Several posts last year and early this year (e.g. here
) argued that the Treasury should book the net interest income of the Bank of England’s asset purchase facility (APF) as a receipt when calculating the targeted measure of the fiscal deficit. The rationale was that this would accord with international practice (i.e. failing to recognise the income risked creating an unduly pessimistic impression of the UK’s relative fiscal position) and could provide scope for modest stimulus measures (i.e. tax cuts or investment initiatives) within existing consolidation plans.
The Treasury announced on 9 November that excess cash held at the APF, mostly due to its net interest income, will henceforth be transferred to the Exchequer. The Office for National Statistics (ONS) has yet to determine whether these transfers will reduce the targeted borrowing and debt measures (i.e. public sector net borrowing and net debt excluding the temporary effects of financial interventions) but the Office for Budget Responsibility (OBR) forecasts that both will be lowered*. The Treasury could legitimately bypass the ONS determination by redefining the measures subject to the government’s fiscal mandate and supplementary debt target to include the APF’s net income / cash. (The total net borrowing definition used historically in fiscal planning includes the APF surplus.)
The Treasury’s move has attracted widespread criticism. One line of argument is that the APF is likely ultimately to be loss-making – net interest income will turn negative if Bank rate rises above about 4% and may cumulatively fall short of capital depreciation caused by a combination of some gilts being sold in less favourable market conditions when the MPC decides to unwind QE and others being held to maturity but having a redemption value below their purchase price. The cash surplus, on this view, should be retained as a provision against these future losses.
Such a practice, however, would be out-of-line with the treatment of other future government liabilities**, some of which are likely to dwarf any APF loss (e.g. public sector pensions, PFI commitments, nuclear decommissioning costs). Would critics of the APF transfer advocate that these liabilities should be similarly pre-funded by issuing additional debt in order to accumulate a cash provision?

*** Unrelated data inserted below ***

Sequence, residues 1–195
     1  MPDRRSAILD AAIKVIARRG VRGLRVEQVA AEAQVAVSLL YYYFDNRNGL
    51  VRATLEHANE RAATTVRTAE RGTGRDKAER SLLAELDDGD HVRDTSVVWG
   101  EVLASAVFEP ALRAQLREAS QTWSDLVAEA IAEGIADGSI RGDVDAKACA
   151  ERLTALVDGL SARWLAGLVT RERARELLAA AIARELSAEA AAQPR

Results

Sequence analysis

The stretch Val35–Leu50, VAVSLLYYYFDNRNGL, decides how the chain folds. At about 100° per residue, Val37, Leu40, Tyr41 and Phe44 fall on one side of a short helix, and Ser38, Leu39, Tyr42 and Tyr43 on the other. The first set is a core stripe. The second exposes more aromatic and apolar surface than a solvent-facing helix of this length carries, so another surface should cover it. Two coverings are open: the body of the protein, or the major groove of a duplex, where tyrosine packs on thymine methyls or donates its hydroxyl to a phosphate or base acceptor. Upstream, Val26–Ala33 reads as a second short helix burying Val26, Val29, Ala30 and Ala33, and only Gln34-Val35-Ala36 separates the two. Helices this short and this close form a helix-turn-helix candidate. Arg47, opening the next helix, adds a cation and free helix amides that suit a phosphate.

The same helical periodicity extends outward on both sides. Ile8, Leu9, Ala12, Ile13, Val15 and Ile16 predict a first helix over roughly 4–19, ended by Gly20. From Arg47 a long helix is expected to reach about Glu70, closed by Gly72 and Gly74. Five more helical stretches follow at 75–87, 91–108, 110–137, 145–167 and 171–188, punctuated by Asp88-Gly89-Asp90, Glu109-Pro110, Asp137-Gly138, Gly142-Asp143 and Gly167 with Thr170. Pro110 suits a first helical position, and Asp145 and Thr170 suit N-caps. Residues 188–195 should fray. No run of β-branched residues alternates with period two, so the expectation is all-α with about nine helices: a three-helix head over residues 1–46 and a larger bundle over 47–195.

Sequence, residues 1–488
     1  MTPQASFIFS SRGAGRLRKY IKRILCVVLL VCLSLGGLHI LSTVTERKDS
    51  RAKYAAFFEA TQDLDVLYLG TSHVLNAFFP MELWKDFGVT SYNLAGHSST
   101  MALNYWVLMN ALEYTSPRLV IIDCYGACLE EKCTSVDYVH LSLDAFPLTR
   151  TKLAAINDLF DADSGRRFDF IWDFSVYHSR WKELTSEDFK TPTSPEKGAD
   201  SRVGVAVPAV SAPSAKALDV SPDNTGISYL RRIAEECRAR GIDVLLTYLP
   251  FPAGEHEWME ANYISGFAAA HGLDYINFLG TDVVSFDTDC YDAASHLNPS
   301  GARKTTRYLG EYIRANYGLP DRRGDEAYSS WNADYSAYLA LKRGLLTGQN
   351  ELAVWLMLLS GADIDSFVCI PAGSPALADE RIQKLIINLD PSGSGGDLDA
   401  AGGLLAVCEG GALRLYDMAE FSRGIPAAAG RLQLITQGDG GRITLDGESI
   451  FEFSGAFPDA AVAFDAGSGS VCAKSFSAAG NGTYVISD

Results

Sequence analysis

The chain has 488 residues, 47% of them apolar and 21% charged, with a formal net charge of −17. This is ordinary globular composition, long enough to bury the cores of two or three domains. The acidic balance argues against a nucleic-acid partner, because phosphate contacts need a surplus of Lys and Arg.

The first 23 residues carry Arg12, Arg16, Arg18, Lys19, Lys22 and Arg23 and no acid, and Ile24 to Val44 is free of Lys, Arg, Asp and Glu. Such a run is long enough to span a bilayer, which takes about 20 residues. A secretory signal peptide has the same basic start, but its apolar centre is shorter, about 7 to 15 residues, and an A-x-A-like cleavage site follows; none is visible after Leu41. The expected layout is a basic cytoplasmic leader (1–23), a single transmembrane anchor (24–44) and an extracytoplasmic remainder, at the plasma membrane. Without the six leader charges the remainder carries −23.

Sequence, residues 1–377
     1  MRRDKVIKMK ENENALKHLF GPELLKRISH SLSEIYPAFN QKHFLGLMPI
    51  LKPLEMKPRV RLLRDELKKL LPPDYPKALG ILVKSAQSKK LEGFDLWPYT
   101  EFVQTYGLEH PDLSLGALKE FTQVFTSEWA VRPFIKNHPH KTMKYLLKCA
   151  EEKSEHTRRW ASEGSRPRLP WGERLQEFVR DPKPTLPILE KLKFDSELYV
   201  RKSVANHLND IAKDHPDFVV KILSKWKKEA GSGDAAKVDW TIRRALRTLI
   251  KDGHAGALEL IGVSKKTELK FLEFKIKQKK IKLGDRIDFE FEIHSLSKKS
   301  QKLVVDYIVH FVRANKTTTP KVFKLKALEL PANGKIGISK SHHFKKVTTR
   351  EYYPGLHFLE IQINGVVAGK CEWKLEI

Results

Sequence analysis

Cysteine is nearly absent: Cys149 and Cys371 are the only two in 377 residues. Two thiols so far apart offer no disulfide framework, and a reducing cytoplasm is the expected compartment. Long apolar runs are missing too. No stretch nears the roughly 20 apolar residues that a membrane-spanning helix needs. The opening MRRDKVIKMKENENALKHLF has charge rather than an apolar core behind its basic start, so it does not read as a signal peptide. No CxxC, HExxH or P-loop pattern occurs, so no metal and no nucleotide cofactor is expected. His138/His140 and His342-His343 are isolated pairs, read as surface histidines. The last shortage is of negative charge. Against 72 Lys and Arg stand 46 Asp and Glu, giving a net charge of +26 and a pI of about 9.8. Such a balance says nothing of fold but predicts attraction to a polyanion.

More pragmatically, any APF loss will depend on a future rise in Bank rate but a large increase is likely to occur only in a scenario involving significantly stronger economic growth, in which case the value of the government’s stakes in the Royal Bank of Scotland and Lloyds Banking Group could appreciate significantly. “Financial interventions”, therefore, could break even or turn a profit even if the APF is ultimately loss-making.
Critics also claim that the Treasury’s manoeuvre represents an attack on the Bank of England’s monetary policy independence, since the transfer of APF cash has similar monetary effects to more QE. The Treasury, however, already has a significant impact on monetary conditions via its debt management policies – in particular, the decision about whether to issue short- or long-term securities to meet financing needs. Treasury bill issuance, for example, amounts to quasi QE, since bills are likely to be purchased by banks – resulting in a direct boost to the money supply – or else held by non-banks as a money substitute. The MPC should take account of such effects when calibrating its policy stance; the APF transfer raises no new issue of principle.
The Bank of England’s credibility and independence are under threat not from Treasury actions affecting monetary conditions but rather its serial failure to adhere to its inflation-targeting remit, defended on the invalid grounds that to have done so would have inflicted unnecessary economic pain***. The Governor will have been relieved that journalists used last week’s Inflation Report press conference to tackle him on the APF transfer non-issue rather than the inadequacies exposed by the recent reviews of the Bank’s performance and another big upward revision to its inflation forecasts.
*The OBR expects future APF net interest income to reduce both borrowing and debt but that only debt will be lowered by the transfer of cash accumulated to date.
**The transfer of the Royal Mail pension plan to the government in April 2012 similarly lowered borrowing and debt while creating a future liability.
***The defence is invalid because the claim is unproven and the Bank is not at liberty to ignore the remit.